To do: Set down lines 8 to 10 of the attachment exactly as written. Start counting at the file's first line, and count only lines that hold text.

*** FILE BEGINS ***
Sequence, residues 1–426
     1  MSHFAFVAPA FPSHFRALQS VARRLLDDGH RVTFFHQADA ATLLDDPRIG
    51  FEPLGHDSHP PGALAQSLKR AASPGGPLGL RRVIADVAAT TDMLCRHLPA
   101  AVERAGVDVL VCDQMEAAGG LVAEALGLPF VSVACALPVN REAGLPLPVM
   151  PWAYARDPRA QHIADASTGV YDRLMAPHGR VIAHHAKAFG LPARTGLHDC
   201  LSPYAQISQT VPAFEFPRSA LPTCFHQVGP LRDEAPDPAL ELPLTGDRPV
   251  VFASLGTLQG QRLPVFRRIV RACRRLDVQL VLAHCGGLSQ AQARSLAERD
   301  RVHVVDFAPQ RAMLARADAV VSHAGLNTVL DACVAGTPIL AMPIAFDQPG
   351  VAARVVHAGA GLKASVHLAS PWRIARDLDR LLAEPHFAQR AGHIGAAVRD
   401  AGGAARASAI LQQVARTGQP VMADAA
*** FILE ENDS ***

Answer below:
   301  RVHVVDFAPQ RAMLARADAV VSHAGLNTVL DACVAGTPIL AMPIAFDQPG
   351  VAARVVHAGA GLKASVHLAS PWRIARDLDR LLAEPHFAQR AGHIGAAVRD
   401  AGGAARASAI LQQVARTGQP VMADAA